Every Yes Is Also a No

by | Mar 27, 2018 | Time

Takeaway:Motivate yourself to say “no” to unimportant projects and commitments by bringing to mind the important things you’re saying “no” to when you agree to them. This helps you take on tasks with greater intention.

Estimated Reading Time: 1 minutes, 46s.

Many productivity authors talk about the importance of saying “no” to unimportant things. It’s easy to see why: saying no to something unimportant gives you more time to spend on things that are. But it’s worth getting specific. When you say no to something, what exactly are you saying yes to?

Next to my desk are a few pictures of the most important people in my life. While I originally put these photos here because they’re nice to look at, over time, they’ve turned into a reminder of what I’m saying no to when I say yes to something else.

My work involves a lot of travel—for speaking engagements, to lead workshops, and to conduct interviews for books and articles. I love this part of my job. Not only do I get to help people become more productive, I also get to visit new and novel places. With that said, travel is nowhere near the most meaningful aspect of my life—the people in it are. Every time I say yes to traveling somewhere, I say no to spending time with the people in those picture frames.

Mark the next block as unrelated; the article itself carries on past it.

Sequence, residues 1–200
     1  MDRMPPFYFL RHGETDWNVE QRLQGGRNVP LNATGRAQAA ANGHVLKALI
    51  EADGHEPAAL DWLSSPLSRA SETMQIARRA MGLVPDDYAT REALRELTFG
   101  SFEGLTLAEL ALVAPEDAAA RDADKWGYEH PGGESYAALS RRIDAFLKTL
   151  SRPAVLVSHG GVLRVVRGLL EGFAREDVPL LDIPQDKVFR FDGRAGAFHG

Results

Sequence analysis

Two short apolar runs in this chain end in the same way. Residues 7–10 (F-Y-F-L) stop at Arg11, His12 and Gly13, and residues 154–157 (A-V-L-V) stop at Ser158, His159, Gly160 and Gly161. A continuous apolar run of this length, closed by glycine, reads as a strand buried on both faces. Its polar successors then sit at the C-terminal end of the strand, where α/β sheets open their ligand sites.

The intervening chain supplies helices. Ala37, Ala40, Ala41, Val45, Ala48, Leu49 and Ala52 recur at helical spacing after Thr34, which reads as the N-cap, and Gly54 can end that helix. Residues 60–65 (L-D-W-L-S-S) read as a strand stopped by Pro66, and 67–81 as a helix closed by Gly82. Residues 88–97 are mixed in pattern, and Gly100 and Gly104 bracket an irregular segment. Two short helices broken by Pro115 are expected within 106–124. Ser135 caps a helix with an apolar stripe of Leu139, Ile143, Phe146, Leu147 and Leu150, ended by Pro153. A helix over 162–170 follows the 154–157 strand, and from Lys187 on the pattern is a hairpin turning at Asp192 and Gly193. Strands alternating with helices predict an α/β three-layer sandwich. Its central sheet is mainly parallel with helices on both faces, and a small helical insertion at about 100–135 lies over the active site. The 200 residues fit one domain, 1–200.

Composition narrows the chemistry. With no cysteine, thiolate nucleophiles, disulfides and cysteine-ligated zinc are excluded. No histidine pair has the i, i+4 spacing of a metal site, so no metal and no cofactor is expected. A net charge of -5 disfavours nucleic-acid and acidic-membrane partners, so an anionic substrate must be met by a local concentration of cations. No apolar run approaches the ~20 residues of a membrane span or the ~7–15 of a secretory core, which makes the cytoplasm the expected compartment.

Whenever I’m on the fence about doing an event, or thinking about traveling far from home, I weigh that decision against the people in the frames. Sometimes it’s worth it, but often it isn’t.

Bring to mind a few meaningful activities: spending time with your family, traveling, or playing an instrument. These are what you say no to when you say yes to working late, watching Netflix, and using your smartphone in bed.

On a similar note, bring to mind your core work tasks: meeting new clients, writing proposals, or keeping your team on track. These are what you say no to when you say yes to unnecessary projects, checking your email superfluously, or agreeing to an unnecessary meeting.

It forever seems that we have too much to do and not enough time to do it. You make more intentional decisions when you consider what you’re saying no to when you say yes to something else. Make sure the things you say yes to are both meaningful and valuable—because every yes is also a no.
Illustration by Sinisa Sumina.

Written by Chris Bailey

Chris Bailey has written hundreds of articles on the subject of productivity and is the author of three books: How to Calm Your Mind, Hyperfocus, and The Productivity Project. His books have been published in more than 40 languages. Chris writes about productivity on this site and speaks to organizations around the globe on how they can become more productive without hating the process.

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